Categories of Workers and Methods of Recruitments

In the tea plantation industry of North Bengal, mainly four categories of workers were involved: males, females, adolescents, and children (Sarker, 1992). Under the adolescent categories, male and female sub-categories exist. Earlier, the tea industry used to recruit child laborers, but recently recruitment of such labor has been completely stopped. Labor recruitment is done through different modes of recruitment. Permanent, casual, and contract are different modes of recruitment in tea plantations of this region. In case of the permanent mode of recruitment, only the dependent or the legal heir of the deceased person gets a job in that position. Hence, the number of job positions for permanent labor remains the same over the years. Casual workers are known as Bigha workers. Bigha workers are mainly recruited during the peak seasons. When the garden management recruits such as labor, the first persons to be given preference are the family members or dependents of the permanent workers. Other than these, few gardens sometimes also recruit contract laborers.

Criteria and Procedure for Recruitment of Labor

The permanent workers are recruited among the dependents or through replacements. As the number of job positions for permanent workers remains the same over the year, no new position is created. Table 4.3 depicts the job position of sample tea estates. However, the criteria for recruitment in such positions include the person should reach at least 16 years of age and should

Table 4.3 Sample Tea Estates and the Number of Permanent Laborers Position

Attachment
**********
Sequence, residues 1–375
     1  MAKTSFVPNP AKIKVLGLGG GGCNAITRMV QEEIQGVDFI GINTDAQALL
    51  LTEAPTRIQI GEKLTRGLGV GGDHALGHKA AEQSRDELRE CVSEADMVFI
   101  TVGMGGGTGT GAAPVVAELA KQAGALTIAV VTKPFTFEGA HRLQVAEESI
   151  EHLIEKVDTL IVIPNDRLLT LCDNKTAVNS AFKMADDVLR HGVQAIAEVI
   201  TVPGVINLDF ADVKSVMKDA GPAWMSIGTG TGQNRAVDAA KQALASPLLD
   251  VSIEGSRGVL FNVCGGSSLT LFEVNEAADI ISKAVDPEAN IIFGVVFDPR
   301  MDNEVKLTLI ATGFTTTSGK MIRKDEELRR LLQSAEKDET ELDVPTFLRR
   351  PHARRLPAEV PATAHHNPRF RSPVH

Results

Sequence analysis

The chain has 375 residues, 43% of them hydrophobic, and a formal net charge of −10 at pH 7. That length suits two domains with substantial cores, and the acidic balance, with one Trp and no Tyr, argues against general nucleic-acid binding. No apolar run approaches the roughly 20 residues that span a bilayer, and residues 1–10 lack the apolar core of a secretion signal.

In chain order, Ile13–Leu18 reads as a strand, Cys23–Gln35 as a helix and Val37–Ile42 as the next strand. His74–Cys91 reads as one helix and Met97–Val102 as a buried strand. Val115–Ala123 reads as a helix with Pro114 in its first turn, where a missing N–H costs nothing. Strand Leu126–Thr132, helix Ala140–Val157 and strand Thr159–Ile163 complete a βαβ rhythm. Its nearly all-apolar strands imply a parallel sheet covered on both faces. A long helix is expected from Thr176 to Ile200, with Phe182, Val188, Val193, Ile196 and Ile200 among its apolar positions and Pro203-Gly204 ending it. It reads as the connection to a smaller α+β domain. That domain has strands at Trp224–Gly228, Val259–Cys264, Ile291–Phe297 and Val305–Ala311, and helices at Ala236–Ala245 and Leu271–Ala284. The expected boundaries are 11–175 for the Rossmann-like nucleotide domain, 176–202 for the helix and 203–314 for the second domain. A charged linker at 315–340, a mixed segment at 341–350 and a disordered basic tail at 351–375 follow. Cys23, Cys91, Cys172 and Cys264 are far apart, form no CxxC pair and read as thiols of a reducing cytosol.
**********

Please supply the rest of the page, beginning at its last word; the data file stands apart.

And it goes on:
SI No.

Name of Sample Tea Estate

Number ofWorkei

SI No.

Name of Sample Tea Estate

Number of Worker

1

Aibheel Tea Estate

2,146

18

Arya Tea Estate

381

2

Bagdogra Tea Estate

395

19

Ghatia Tea Estate

1,691

3

Baradighi Tea Estate

1,690

20

Kanchan View Tea Estate

112

4

Chaulluni Tea Estate

1,289

21

Matelli Tea Estate

1,764

5

Denguajhar Tea Estate

1,751

22

Mogulkata Tea Estate

1,116

6

Jadabpur Tea Estate

184

23

Moraghat Tea Estate

1,296

7

Jaldacca Altadanga Tea Estate

311

24

Nepuchapur Tea Estate

750

8

Jayantika Tea Estate

1,585

25

Phuguri Tea Estate

701

9

Kalahari Tea Estate

749

26

Radharani Tea Estate

424

10

Kathalguri Tea Estate

1,356

27

Ranicherra Tea Estate

1,372

11

Margaret’s Hope Tea Estate

957

28

Saylee Tea Estate

1,616

12

Neora Nuddy Tea Estate

994

29

Telepara Tea Estate

1,312

13

Nuxalbari Tea Estate

676

30

Totapara Tea Estate

973

14

Raipur Tea Estate

617

31

New Dooars Tea Estate

1,778

15

Trisakti Tea Estate

159

32

Rangmukh and Cedar Tea Estate

1,717

16

Tumsong Tea Estate

449

33

Tindharia Tea Estate

316

17

Kamalpur Tea Estate

226